DWiki has optional caching in order to speed up generating results repeatedly. DWiki uses a disk-based cache for this (although the interface is abstracted and alternate forms of caching may be introduced someday). There are three caches, which can be enabled separately: the renderer cache, a brute force page cache, and an in-memory brute force page cache that is only used if DWiki is running as a preforking SCGI server.
DWiki never removes the files of out of date cache entries from the
disk cache; instead, it stops considering out of date ones to be
valid. Cleaning out the detritus is left for an external process.
ChrisSiebenmann considers this safer; giving a program an automated
unlink() makes him nervous.
See ConfigurationFile for the options controlling the behavior of the caches.
In theory DWiki's caching is optional. In practice a decent sized DWiki is simply too slow without caching for some of the more expensive operations and caching becomes more or less a necessity. ChrisSiebenmann now believes that you should configure all levels of caching in basically any DWiki unless you have some unusual need and are sure.
The brute force page cache is about as simple as you can get: it caches complete requests for a configured time (called a time-to-live, or TTL). That's it. The BFC is intended as a load-shedding measure when DWiki is under significant load, so it only acts under certain circumstances:
(For speed, when something is valid in the cache DWiki just serves it without checking the system load.)
A good BFC TTL is on the order of 30 seconds to three minutes or so; long enough to shed significant load if you are getting a lot of hits to a few pages and short enough that dynamic pages won't become too outdated. (And that waiting to see a comment show up or whatever is not too annoying.)
Because Atom syndication requests are among the most expensive pages to
compute, the BFC can be set to give them a longer TTL than usual. There
is a second TTL that can be set for Atom requests that aren't using
GET; the idea is that if requesters cannot be bothered to
be polite, we can't be bothered to serve fresh content. Setting this
option always caches the results of such requests, even if the load is
low, which means that even people doing proper conditional GET requests
will use the cached results for as long as their (lower) TTL says to.
It's actually faster to serve static pages from the static page server code than from the BFC, so the BFC doesn't try to cache static pages.
It's important to understand that the BFC does not check load when it is checking to see if something is in its cache. This means there are two stages to processing a request: deciding what TTL to use for cache checks, and deciding whether to cache something that was not current in the cache.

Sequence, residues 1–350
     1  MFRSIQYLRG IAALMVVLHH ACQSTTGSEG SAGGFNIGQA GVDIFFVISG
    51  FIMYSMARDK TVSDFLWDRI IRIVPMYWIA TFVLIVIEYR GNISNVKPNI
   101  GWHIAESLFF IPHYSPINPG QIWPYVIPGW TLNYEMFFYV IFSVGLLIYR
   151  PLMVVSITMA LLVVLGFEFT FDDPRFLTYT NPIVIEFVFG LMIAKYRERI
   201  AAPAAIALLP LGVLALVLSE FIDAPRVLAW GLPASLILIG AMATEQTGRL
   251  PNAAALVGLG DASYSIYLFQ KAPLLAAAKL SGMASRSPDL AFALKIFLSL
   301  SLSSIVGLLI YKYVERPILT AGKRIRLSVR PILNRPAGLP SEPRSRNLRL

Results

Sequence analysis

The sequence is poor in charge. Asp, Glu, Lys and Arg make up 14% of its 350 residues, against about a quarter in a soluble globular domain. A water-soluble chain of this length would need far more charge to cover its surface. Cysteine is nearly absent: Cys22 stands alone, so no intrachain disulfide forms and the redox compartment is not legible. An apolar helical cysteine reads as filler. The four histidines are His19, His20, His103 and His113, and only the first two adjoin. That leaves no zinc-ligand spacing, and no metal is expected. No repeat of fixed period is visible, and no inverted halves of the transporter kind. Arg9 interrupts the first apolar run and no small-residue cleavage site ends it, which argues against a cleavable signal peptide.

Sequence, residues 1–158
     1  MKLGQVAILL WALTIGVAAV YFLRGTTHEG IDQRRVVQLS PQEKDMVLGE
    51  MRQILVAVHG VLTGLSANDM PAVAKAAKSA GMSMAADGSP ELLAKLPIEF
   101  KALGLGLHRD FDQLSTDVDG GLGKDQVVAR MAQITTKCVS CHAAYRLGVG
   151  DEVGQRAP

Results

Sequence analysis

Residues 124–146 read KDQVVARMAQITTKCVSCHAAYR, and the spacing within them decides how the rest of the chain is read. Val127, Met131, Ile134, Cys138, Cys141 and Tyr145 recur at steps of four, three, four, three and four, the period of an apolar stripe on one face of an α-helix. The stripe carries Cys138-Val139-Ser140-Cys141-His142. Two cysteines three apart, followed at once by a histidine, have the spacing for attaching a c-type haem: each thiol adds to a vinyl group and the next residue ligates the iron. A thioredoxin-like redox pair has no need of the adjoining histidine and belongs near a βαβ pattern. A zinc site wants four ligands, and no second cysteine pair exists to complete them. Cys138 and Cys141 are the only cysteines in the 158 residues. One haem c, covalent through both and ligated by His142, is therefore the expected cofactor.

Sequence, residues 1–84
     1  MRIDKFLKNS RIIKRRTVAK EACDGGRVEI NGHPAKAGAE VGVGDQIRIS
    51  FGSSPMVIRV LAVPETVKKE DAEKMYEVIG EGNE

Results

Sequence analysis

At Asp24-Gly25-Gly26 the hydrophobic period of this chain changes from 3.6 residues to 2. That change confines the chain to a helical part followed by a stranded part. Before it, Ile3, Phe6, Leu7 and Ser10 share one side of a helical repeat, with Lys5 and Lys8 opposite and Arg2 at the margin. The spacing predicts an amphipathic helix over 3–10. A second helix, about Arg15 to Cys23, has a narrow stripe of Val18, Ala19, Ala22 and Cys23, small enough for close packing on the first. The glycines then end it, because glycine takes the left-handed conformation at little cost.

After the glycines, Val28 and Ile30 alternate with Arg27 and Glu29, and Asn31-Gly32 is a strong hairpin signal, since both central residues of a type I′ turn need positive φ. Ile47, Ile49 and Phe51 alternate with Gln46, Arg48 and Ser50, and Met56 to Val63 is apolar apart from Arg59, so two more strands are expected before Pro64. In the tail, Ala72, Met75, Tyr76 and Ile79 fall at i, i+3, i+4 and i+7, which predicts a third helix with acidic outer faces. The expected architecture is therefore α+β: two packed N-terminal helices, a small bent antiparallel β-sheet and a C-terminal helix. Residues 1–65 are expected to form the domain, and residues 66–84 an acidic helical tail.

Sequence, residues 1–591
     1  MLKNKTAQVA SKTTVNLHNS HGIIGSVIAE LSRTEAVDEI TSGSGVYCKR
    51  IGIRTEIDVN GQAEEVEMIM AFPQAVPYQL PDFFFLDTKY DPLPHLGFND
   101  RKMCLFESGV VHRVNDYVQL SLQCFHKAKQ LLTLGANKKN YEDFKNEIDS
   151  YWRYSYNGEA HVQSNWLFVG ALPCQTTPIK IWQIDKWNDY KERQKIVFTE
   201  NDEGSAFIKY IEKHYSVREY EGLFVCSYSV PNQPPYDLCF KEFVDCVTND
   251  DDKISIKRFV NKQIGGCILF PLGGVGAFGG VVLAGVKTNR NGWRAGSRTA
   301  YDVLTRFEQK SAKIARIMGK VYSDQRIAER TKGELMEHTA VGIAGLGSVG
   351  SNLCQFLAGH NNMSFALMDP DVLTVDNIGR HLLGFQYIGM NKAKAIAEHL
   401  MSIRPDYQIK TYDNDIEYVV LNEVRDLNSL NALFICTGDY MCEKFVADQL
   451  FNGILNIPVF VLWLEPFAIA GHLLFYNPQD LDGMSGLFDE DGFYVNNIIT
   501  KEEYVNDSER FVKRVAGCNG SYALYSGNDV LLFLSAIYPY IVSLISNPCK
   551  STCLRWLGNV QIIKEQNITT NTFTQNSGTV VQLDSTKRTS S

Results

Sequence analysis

The TTL used is:
bfc-atom-nocond-ttl if this is an unconditional request for an Atom
view, if set.
bfc-atom-ttl for Atom view requests in general, if set.
Pages enter the BFC cache either because the system seems to be
loaded or because
bfc-atom-nocond-ttl was set and they were an
unconditional request for an Atom view.
Once something is in the cache, it will be served from the cache if it is not older than the check TTL. Different requests can use different check TTLs for the same cached page; for example, conditional GETs versus other requests for Atom views.
The in-memory cache is essentially a version of the brute force cache that holds pages in memory instead of on disk. It's only effective in environments where DWiki serves multiple requests from the same process; currently it's only used if DWiki is running as a preforking SCGI server. Because it holds pages in memory as page response objects, the in-memory cache is about the fastest way that DWiki can serve requests. In particular it's faster to serve static pages from the IMC than from disk, so unlike the BFC the IMC does cache static pages.
Because IMC entries disappear automatically and are essentially free to create, the IMC caches pages unconditionally when active (unlike the BFC). This means that it should normally have a relatively low TTL, often lower than the BFC's TTL. Note that because the IMC is before the BFC, it can load its cache from BFC cache hits.
For obvious reasons, it's pointless to set the IMC cache size to be larger than the number of requests a preforked SCGI process will serve before exiting.
To keep IMC memory usage under control, the IMC has a settable maximum page size that it will cache. Tune this as appropriate for your environment.
The IMC can be deliberately forced on with
imc-force-on, in case